A rising star among the new generation of Tibetan masters, YONGEY MINGYUR RINPOCHE is an internationally known and respected teacher of Buddhist philosophy and meditation techniques.
This refreshing book is yet another sign that the next generation of Buddhism is creative, cross-cultural and cross-disciplinary. Born in 1975 in Nepal, the author is among the generation of Tibetan lamas trained outside of Tibet, and he's also a gifted meditator. His brain activity has been measured during meditation, earning him the enviable sobriquet of "happiest man on earth." He fuses scientific and spiritual considerations, explaining meditation as a physical as well as a spiritual process. Mingyur Rinpoche knows from experience that meditation can change the brain. He experienced panic attacks as a child that he was able to overcome through intensive meditation. If diligently practiced, meditation can affect the "neuronal gossip"-his imaginative rendering of brain cell communication-that keeps us stuck in unhappy behaviors. The meditation master offers a wide variety of techniques, counseling ease in practice to avoid boredom or aversion. Less is more; practice shorter periods more often, he says. His approach will be especially welcome for anyone frustrated by meditation or convinced they're "not doing it right." This book is a fresh breath from the meditation room, written with kindness, energy and wit. Three cheers for a cheerful contemplative. (Mar. 6) Copyright 2006 Reed Business Information.
The New York Times Bestseller!
"Compelling, readable, and informed."
"Rinpoche's investigations into the science of happiness are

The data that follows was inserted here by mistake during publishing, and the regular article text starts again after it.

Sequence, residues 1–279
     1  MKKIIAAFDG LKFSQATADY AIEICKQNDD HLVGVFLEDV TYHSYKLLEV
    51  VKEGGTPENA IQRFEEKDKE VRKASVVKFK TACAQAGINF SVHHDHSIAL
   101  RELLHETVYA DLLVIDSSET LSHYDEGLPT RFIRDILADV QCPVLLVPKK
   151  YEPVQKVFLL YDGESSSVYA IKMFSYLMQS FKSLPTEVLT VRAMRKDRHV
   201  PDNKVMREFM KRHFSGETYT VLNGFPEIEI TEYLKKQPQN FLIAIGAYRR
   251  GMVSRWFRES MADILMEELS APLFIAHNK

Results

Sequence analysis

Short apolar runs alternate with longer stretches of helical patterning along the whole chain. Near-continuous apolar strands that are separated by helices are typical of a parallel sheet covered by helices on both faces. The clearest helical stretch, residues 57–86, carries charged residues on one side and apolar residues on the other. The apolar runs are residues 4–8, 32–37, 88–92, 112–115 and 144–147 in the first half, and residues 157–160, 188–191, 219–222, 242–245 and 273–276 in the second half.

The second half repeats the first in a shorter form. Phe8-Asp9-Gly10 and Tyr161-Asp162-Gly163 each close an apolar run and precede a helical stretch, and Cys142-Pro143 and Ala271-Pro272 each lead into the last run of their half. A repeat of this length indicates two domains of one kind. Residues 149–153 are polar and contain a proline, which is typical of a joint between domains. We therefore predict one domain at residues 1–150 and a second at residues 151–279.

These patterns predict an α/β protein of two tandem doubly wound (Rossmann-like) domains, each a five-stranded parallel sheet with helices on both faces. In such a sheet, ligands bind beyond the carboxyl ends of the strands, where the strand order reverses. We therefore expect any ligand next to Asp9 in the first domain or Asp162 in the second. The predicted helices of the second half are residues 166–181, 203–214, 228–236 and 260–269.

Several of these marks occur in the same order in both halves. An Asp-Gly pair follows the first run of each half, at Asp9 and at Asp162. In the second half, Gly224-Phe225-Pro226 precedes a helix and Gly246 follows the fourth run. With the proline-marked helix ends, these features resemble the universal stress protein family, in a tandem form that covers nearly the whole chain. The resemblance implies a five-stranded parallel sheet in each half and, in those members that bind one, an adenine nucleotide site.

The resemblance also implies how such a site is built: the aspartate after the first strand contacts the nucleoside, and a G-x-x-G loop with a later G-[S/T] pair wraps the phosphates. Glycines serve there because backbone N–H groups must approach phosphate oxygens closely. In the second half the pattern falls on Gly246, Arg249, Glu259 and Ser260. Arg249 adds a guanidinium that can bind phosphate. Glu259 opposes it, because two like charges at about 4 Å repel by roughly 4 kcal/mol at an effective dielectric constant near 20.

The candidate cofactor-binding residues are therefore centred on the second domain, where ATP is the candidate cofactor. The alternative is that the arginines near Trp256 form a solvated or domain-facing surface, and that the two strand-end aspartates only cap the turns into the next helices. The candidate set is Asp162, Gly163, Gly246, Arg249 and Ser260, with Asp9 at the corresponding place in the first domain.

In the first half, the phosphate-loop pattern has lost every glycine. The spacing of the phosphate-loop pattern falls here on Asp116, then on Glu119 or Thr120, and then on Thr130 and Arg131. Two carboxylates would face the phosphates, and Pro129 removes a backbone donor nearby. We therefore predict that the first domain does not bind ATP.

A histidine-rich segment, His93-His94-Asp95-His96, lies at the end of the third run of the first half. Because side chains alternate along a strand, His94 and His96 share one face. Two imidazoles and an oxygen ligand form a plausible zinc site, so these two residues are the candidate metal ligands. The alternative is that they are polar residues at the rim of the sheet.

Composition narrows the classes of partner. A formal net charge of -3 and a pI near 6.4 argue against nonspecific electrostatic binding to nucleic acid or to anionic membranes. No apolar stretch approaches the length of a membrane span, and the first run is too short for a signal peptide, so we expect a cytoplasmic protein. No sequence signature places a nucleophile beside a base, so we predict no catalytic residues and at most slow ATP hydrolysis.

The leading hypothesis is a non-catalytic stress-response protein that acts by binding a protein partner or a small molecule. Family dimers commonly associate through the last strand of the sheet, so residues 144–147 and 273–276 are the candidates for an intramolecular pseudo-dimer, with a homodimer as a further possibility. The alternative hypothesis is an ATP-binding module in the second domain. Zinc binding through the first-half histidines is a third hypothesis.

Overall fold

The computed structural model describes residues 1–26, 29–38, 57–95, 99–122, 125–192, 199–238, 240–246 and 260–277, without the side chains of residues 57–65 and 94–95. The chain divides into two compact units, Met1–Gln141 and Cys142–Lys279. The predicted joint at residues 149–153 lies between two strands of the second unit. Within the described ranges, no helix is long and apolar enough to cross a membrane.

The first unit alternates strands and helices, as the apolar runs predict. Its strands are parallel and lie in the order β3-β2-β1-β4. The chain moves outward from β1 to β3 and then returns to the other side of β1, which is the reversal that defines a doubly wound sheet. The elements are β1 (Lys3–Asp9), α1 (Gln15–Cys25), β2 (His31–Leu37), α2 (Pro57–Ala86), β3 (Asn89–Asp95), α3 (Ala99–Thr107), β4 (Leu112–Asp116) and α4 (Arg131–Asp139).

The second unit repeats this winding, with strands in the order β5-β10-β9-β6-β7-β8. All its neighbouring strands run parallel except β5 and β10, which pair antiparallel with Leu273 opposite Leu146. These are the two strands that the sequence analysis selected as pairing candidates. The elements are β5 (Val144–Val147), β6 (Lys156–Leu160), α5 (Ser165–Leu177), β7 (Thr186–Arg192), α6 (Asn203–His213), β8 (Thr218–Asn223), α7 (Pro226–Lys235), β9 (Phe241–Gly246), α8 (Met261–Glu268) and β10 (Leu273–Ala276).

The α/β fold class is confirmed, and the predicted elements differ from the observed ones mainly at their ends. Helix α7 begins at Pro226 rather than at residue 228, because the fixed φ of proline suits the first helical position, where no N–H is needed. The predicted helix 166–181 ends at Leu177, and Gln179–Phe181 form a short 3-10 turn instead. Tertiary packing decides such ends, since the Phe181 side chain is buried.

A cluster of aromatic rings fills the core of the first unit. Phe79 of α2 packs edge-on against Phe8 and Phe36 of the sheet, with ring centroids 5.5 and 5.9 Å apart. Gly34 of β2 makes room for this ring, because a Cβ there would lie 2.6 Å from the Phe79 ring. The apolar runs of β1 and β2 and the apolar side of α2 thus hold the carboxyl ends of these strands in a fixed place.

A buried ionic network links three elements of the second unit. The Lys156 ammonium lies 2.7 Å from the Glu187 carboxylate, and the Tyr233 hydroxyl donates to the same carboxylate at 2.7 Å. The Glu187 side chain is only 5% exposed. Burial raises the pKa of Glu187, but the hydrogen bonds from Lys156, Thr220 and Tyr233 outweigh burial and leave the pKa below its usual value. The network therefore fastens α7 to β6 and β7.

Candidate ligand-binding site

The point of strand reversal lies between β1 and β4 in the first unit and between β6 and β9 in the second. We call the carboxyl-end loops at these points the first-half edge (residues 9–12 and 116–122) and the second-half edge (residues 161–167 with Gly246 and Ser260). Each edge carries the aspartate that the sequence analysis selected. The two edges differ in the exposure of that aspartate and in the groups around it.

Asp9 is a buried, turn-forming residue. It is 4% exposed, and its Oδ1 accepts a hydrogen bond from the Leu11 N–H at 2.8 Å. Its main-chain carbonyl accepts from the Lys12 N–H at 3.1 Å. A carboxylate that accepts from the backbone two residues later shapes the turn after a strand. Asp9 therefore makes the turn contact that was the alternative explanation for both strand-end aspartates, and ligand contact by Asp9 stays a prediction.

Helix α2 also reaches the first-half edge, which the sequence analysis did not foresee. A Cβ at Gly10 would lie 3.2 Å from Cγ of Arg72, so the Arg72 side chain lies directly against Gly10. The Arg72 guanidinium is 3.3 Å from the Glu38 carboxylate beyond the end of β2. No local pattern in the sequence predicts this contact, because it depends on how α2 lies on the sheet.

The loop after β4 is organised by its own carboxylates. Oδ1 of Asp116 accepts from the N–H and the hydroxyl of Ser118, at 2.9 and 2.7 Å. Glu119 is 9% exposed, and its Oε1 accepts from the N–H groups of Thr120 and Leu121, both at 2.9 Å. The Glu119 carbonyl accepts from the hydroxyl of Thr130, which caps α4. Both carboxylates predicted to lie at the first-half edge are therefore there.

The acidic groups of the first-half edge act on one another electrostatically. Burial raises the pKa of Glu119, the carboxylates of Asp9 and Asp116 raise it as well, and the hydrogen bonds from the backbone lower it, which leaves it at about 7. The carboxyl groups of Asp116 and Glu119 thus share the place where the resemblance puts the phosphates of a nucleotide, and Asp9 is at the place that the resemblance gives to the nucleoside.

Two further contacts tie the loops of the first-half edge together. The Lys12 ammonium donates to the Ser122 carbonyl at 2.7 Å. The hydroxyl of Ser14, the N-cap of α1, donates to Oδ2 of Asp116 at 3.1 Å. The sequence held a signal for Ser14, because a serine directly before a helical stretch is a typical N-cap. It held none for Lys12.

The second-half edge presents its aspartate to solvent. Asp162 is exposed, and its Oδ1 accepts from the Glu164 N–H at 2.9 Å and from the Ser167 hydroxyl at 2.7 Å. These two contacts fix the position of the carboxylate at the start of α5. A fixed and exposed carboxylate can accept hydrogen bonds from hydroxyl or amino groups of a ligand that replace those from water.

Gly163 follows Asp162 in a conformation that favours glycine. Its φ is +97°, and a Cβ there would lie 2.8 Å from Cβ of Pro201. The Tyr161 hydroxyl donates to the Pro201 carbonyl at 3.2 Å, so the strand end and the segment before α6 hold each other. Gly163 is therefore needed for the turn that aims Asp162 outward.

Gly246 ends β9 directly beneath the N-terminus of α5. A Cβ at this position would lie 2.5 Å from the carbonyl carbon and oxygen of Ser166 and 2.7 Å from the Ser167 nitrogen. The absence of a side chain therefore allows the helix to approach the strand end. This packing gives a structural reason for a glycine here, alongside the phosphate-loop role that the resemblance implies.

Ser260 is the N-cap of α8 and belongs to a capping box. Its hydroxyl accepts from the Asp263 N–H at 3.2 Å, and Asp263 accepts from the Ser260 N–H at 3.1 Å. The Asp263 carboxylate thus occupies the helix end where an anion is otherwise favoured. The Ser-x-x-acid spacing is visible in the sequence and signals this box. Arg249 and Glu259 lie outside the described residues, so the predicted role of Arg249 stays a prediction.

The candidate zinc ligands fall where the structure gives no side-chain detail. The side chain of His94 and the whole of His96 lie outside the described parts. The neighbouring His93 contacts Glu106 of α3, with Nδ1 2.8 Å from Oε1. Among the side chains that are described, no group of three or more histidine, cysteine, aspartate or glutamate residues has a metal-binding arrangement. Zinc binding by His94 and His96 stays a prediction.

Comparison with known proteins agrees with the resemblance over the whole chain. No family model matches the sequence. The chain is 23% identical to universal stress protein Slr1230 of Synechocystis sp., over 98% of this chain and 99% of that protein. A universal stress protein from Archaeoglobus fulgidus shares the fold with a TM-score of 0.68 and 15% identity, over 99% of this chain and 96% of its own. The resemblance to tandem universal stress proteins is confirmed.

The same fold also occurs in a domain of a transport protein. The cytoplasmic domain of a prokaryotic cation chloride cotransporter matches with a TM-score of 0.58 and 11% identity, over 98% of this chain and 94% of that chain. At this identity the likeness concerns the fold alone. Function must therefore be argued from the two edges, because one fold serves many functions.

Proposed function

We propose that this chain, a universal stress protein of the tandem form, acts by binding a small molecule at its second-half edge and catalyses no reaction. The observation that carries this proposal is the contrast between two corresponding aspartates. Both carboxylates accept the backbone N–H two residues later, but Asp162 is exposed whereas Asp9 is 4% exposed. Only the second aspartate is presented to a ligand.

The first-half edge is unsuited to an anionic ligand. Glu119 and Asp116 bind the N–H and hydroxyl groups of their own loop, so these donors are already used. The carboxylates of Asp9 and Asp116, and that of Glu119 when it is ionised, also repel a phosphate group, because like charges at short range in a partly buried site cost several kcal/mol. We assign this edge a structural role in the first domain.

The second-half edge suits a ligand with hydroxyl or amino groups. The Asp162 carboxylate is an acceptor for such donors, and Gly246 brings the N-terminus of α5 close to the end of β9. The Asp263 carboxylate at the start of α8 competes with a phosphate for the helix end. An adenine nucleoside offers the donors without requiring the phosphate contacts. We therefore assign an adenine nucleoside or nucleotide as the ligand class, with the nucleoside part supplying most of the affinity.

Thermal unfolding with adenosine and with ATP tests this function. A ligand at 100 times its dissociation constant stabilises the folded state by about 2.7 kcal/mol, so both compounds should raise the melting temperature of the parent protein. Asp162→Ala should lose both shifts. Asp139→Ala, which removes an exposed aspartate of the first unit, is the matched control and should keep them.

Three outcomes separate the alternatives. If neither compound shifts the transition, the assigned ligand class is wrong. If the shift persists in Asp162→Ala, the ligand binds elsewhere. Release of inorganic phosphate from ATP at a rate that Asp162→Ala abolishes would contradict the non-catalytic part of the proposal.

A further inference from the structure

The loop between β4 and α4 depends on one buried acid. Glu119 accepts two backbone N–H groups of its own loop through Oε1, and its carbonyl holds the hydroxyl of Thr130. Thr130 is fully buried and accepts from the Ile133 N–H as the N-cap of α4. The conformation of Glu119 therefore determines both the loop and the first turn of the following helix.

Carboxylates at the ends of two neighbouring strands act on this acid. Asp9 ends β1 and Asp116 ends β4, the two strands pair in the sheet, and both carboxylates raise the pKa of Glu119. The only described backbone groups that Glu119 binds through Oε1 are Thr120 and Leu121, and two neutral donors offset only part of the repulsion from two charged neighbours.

woven into an accessible introduction to Buddhism"
--Tricycle "There is real wisdom here. Fresh and clear. Mingyur Rinpoche has offered us what may well be an essential link between the Buddha and contemporary neuroscience and physics. He effortlessly makes connections between seemingly disparate and complex disciplines, and makes the journey sparkle. His voice is generous, intimate, and refreshingly personal. As he repeatedly reminds us, our experience of ourselves and our world is none other than an interactive projection of our mind; and most important, our minds can change. Our neurons can change structure and function, merely by observing the flow of our mental activity. Through repeated familiarity with positive mind states, such as love and compassion, and by transforming our limiting mental conceptualizing into vast freedom, we can achieve the already present basic mind of clarity and knowing--true happiness. Read this book."
--Richard Gere "An extraordinarily clear book on the whys and the hows of cultivating mindfulness effectively in our lives. It makes use of the idiom and exciting discoveries of modern science in ways that are easy to understand and entirely relevant to the meditation practices themselves."
--Jon Kabat-Zinn, author of Coming to Our Senses and vice-chair of the Mind and Life Institute "The first of its kind . . . a truly compelling and infinitely practical fusion of Tibetan Buddhism and scientific ideas. Mingyur Rinpoche is a teacher for our time, uniquely gifted to bridge these two worlds."
--Sogyal Rinpoche, author of The Tibetan Book of Living and Dying "It is extraordinary to see the words lineage, compassion, spacetime foam, and limbic resonance all in the same book. . . . The Joy of Living is a personal, readable, and wonderfully warm and clear guide to changing the way we see ourselves and the world."
--Sharon Salzberg, author of Lovingkindness: The Revolutionary Art of Happiness "Mingyur Rinpoche is a charismatic teacher with a heart and smile of gold. The clarity, humor, and wisdom of his stories and teachings are collected in this book, and it will always be with me as a most valued companion. This is one of those rare books where you meet the author and learn from his radiance."
--Lou Reed "A beautiful tapestry of Buddhist insight woven together with modern science, this book is a landmark in the development of a contemplative neuroscience . . . a must-read for anyone interested in the causes and consequences of happiness."
--Richard J. Davidson, professor of psychology and psychiatry and Director, Waisman Laboratory for Brain Imaging and Behavior at the University of Wisconsin-Madison
He should know: studies on the brain of the Very Venerable 7th Yongey Mingyur Rinpoche show a mammoth increase in neural activity in the part associated with those good-time feelings. Copyright 2006 Reed Business Information.